However, that philosophy goes in the opposite direction with the youngest prospects. Early exposure to the majors could hurt more than help. That’s why we probably won’t see Wander Franco, Jarred Kelenic and most likely MacKenzie Gore in 2020. All three are 21 or younger. Barring injuries or other unexpected emergencies, they’ll have to wait until next season to make their major league debuts.

Disappointing deadline?

With the wave of prospect arrivals mostly complete, fantasy managers can turn their attention to the Aug. 31 trade deadline.

The first major deal took place last week, when the Phillies picked up relievers Brandon Workman and Heath Hembree from the Red Sox. Workman was a welcome addition to NL-only leagues for fantasy teams in need of saves. But most are looking forward to seeing players who can impact multiple stat categories change leagues.

The problem at this year’s deadline is that it’s more difficult than ever to identify the MLB teams that are definite sellers.

The Red Sox (9-20 entering the week) have already acknowledged they’re willing to trade, but would they entertain offers for a true difference-maker like Xander Bogaerts?

Outside of the Pittsburgh Pirates (7-17), Seattle Mariners (11-19) and Kansas City Royals (11-17), this season’s expanded 16-team playoff field has almost every other team at least on the fringe of contention. Even a modest winning streak could change a team’s fortunes dramatically.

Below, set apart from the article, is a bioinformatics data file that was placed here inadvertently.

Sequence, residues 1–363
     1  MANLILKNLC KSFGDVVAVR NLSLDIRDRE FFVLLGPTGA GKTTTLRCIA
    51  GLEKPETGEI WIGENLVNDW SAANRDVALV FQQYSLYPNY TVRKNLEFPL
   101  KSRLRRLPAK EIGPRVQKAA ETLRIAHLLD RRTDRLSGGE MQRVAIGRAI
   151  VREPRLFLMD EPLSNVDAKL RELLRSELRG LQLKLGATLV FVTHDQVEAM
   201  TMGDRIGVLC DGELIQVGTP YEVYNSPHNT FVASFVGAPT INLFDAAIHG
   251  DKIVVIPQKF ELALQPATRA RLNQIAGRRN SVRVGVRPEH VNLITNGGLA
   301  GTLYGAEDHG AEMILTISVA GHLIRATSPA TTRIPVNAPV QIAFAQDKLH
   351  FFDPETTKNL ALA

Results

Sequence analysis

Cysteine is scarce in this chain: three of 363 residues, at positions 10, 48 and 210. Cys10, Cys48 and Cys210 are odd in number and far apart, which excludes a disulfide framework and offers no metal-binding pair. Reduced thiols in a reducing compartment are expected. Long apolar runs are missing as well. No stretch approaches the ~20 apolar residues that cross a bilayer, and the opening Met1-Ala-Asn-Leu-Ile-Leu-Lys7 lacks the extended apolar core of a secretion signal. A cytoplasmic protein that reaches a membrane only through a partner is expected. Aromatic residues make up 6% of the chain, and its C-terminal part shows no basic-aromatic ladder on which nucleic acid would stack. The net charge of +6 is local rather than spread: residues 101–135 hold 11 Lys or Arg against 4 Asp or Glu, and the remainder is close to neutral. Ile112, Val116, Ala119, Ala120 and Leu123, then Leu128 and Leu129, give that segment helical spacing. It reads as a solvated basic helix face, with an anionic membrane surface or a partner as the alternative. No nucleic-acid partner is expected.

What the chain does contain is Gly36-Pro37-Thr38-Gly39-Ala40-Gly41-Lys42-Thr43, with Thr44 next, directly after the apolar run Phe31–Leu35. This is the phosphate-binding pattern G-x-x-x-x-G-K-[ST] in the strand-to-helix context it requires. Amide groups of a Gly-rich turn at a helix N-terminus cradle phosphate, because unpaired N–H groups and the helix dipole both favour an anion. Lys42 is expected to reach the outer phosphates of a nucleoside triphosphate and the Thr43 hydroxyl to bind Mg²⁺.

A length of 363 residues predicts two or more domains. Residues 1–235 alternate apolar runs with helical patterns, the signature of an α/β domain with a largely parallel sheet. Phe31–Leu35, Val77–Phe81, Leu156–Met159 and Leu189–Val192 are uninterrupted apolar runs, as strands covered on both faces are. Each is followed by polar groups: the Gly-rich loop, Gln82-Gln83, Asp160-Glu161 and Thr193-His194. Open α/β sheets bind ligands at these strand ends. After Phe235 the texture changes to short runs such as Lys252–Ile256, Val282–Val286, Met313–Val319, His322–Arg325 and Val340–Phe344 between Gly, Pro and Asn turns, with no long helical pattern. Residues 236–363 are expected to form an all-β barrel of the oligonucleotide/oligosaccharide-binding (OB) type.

There are similar dynamics in play for fantasy leagues, where it can be just as difficult to tell the buyers from the sellers. How much ground can teams make up in each Roto category over the final month? With many of the categories closer in a shortened season, it’s harder than ever to pinpoint where a team should focus on upgrading. And the fear of making the wrong move may be intensified with so little time to fix mistakes.

In keeper leagues, even those dreaded veterans-for-prospects “dump trades” aren’t as easy to make because there’s so little information on minor leaguers this season until they’re promoted.

All that said, I managed to make a trade recently in one of my leagues. But it goes to show how perfectly things may have to align to get things done. I have a keeper league team in contention for a title but whose pitching depth – both now and for next season – is suspect with Strasburg on the shelf. On the other hand, I have a wealth of outfielders, including the surprising Kyle Lewis at a salary of $1.

A team playing for next season offered a package headed by Reds pitcher Luis Castillo, a preaseason favorite of mine whose numbers have been unimpressive (0-3, 4.44 ERA, 1.52 WHIP) in his first five starts. However, Castillo’s opponents posted a .403 average on balls in play, resulting in an xERA over a full run lower at 3.32.

After a few additions and subtractions, we figured out a deal that worked for both teams. I got a potential ace for this year and next while giving up exactly the kind of lottery ticket a rebuilding team covets. It may end up costing me if Castillo continues to struggle, but it was worth a shot.

Just another reminder that even in a shortened season, championship flags fly forever.

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  For more information about the terms used in this article, see our Glossary Primer.